Thoughts – The Length
As I suspected, running time is the key here.
Don’t get me wrong, I enjoyed this film – the first half especially – but at three hours it’s too long; there’s no getting away from that it’s just too long.
Like I said above, the official synopsis of the film is about a man refusing to take part in a fraud case, but that section of the plot only really kicks in at the part way into the third and final hour. So if that’s what the wanted it to be about, they got it wrong.
And while the rise to power of Belfort and his associates is funny and well told, that really only lasts for about 90 minutes, which is too long as well. It’s as if Scorsese wanted to load the film up with all the funny stuff at the start, and then get to the meaty part of the plot a lot later.
By that point it felt too late, and by that point, I was in desperate need of a break from it.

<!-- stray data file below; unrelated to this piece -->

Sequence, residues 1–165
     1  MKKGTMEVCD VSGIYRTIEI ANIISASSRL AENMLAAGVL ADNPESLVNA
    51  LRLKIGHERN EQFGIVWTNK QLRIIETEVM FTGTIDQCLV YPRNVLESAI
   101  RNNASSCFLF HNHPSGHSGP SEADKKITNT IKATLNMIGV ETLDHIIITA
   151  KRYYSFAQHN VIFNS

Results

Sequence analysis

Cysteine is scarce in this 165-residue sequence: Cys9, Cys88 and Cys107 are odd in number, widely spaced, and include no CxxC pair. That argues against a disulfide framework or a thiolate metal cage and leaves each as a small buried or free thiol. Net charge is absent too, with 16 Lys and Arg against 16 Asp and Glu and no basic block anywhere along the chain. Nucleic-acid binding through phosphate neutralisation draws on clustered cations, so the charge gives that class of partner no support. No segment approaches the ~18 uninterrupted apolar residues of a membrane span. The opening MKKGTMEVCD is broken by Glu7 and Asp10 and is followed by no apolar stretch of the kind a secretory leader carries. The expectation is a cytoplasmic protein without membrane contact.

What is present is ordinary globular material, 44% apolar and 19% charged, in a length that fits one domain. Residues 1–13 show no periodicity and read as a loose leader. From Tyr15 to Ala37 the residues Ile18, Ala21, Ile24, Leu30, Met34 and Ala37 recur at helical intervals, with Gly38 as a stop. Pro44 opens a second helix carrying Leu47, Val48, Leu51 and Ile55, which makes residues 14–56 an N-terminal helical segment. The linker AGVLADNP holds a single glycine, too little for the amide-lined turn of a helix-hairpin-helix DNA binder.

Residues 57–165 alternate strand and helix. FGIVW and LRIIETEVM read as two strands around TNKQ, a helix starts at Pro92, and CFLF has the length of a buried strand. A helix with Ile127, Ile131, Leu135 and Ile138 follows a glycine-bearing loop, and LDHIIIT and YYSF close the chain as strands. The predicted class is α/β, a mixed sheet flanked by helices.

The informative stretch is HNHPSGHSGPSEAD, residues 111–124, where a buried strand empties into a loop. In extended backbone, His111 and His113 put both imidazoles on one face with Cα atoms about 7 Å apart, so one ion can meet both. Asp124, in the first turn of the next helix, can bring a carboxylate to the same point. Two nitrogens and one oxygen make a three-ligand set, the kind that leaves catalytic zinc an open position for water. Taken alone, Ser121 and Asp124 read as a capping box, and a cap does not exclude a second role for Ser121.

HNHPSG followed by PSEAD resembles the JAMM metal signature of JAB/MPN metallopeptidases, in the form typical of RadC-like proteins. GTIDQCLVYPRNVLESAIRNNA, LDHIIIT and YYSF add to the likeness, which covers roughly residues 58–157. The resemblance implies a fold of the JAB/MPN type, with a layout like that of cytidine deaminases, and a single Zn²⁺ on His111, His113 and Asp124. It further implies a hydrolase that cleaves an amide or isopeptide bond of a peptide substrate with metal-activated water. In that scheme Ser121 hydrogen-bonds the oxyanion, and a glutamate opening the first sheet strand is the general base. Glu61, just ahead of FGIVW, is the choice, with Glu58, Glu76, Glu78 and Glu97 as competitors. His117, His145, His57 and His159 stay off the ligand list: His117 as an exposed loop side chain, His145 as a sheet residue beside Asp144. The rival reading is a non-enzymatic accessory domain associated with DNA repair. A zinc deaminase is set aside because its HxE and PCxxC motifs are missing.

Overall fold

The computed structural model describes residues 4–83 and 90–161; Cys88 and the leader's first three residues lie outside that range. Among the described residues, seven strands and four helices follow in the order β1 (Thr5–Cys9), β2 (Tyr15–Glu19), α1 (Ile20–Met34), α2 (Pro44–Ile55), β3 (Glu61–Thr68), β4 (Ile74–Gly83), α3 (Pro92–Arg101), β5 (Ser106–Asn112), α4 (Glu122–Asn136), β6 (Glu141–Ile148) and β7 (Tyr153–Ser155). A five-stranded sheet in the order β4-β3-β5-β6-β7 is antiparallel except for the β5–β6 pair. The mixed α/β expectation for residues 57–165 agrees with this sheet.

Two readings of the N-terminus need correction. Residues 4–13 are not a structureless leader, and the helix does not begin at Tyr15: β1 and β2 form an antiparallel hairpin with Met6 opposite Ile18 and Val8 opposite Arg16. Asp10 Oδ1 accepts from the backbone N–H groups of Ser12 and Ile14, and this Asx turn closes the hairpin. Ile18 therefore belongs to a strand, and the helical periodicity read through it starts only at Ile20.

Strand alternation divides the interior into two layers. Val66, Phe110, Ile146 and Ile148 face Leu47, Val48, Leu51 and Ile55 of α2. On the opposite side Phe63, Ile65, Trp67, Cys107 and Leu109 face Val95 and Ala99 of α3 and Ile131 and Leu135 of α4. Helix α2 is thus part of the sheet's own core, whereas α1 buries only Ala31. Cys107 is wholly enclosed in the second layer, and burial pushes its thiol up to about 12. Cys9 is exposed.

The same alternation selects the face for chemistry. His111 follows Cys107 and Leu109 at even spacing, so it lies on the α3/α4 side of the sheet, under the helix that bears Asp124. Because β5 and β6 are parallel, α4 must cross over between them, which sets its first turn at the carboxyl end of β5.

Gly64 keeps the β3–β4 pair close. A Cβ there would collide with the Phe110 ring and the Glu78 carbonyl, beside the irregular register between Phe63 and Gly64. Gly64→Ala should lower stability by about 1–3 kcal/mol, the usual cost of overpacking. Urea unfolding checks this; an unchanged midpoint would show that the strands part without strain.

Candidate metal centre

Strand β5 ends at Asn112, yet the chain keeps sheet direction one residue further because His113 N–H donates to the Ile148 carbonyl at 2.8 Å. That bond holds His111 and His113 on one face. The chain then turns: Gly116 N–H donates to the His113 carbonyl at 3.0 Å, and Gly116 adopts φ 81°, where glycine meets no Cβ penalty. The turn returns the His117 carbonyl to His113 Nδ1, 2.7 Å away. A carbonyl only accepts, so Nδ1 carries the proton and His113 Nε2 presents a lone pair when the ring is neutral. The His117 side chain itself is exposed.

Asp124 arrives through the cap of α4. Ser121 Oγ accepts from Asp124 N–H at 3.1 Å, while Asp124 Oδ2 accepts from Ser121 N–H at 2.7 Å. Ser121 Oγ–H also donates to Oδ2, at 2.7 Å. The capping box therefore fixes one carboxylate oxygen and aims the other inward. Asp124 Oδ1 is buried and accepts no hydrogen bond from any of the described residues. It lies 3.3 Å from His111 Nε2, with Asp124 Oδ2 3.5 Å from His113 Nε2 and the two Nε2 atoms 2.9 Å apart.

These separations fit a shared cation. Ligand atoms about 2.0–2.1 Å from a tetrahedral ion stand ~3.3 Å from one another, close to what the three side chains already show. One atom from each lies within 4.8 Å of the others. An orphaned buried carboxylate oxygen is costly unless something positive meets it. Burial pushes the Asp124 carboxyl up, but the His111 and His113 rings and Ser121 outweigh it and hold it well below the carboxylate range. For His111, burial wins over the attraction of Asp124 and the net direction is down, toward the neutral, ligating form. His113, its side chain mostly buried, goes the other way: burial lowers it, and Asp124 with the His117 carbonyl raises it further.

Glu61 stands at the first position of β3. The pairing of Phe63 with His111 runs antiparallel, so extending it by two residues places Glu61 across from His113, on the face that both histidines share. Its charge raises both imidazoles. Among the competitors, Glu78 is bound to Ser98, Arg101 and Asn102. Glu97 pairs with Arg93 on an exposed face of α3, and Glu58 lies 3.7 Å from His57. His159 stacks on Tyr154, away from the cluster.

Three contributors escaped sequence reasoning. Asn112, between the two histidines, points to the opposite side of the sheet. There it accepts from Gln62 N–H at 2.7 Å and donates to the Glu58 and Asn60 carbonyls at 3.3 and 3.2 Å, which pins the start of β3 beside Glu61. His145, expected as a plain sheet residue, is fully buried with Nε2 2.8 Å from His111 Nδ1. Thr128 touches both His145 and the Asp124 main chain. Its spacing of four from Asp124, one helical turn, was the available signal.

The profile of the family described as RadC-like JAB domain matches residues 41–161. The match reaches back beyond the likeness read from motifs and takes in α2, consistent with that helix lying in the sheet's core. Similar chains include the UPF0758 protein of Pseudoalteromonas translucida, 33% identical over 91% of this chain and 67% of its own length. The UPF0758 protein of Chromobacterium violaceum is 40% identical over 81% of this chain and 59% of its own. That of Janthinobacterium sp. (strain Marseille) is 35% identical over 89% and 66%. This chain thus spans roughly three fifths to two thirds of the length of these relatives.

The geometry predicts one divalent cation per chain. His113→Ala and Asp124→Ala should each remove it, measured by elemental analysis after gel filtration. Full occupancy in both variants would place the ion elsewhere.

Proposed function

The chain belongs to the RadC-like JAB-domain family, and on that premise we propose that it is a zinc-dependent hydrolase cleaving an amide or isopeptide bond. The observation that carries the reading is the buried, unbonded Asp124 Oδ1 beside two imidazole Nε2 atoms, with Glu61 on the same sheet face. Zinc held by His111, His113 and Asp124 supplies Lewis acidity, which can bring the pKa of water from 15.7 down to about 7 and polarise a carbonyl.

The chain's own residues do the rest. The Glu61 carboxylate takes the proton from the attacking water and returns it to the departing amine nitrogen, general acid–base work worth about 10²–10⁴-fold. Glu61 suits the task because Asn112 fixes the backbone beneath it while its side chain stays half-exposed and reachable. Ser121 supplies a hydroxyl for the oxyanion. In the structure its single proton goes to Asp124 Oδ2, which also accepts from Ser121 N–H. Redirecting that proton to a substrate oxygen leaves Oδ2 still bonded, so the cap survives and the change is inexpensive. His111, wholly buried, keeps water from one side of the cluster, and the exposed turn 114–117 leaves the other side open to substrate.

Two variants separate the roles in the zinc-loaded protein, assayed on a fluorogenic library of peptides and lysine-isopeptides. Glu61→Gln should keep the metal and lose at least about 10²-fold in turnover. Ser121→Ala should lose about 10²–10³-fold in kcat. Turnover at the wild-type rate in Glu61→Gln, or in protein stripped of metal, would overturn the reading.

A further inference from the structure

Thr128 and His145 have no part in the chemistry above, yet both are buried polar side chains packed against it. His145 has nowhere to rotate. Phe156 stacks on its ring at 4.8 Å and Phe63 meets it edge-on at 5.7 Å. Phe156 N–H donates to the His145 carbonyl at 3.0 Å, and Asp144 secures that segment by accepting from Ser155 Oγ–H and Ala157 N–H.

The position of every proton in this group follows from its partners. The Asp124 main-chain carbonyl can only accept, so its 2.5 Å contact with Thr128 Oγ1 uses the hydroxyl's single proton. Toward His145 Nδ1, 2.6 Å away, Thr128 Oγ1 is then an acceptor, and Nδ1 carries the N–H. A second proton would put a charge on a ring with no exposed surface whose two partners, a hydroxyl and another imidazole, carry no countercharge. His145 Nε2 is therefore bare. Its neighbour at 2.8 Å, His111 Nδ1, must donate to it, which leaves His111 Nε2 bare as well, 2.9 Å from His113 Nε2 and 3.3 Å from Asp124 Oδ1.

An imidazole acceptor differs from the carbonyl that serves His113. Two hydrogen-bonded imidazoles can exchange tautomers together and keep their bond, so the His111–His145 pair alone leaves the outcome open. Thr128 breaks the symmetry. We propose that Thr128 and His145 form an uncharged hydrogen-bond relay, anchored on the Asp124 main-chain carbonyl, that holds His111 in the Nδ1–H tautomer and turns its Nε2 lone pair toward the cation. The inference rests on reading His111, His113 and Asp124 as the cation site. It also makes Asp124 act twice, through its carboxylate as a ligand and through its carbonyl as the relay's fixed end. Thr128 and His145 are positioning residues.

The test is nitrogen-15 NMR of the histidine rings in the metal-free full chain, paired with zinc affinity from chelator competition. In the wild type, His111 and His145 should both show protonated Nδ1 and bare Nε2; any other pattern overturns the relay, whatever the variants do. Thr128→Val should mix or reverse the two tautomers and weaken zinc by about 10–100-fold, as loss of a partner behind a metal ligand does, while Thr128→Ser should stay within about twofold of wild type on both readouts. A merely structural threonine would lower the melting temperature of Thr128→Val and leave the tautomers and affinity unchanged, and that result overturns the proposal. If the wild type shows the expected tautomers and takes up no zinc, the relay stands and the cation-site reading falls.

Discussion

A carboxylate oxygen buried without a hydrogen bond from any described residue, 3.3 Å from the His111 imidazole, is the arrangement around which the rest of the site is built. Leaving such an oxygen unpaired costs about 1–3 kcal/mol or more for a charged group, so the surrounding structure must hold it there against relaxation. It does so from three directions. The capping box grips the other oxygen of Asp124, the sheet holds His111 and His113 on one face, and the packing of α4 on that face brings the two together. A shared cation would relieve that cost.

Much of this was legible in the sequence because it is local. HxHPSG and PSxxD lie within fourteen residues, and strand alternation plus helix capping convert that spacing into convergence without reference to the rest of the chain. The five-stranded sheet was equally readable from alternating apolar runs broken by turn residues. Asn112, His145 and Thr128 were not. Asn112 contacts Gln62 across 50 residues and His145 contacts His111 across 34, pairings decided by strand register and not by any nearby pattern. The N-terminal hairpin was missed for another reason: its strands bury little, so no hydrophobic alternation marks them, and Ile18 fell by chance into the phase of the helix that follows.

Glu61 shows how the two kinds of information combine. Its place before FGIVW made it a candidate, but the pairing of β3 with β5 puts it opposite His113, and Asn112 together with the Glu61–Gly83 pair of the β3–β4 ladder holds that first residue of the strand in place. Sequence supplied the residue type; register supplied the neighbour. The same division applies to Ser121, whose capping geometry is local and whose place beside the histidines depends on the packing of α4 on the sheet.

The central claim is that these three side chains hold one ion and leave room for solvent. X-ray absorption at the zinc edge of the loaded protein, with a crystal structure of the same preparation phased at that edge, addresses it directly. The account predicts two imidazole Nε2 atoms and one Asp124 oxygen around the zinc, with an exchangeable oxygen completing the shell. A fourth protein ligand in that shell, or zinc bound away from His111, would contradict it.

The Acting & Characterisation
Another hit and miss area is the characterisation.
While I have no problem with any of the acting (well…apart from Margot Robbie’s attempt at a Brooklyn accent) the characterisation was a bit dodgy.
And I say that from the point of view that while it was no doubt reflective of the sort of pricks these guys were, I watched it thinking that perhaps the lack of anyone likeable was harmful to it.
If you look at a show like House of Cards – the original one especially – the main character is a right bastard in his actions, but he had a twinkle in his eye and mischievous way of making the viewer feel like his friend and co-conspirator.
Di Caprio, while good, doesn’t manage that with Belfort, even though he does break the fourth wall to talk to us from time to time. It’s clear that Francis Urquhart is what they were going for, but they fail. That’s not Di Caprio’s fault either, I should add; it’s the writing.
But the result is that some people – and I know a few who this has applied to – will come away from it with a bad taste in their mouths. The fact that this stuff did happen makes it tough to feel anything but anger towards the lot of them.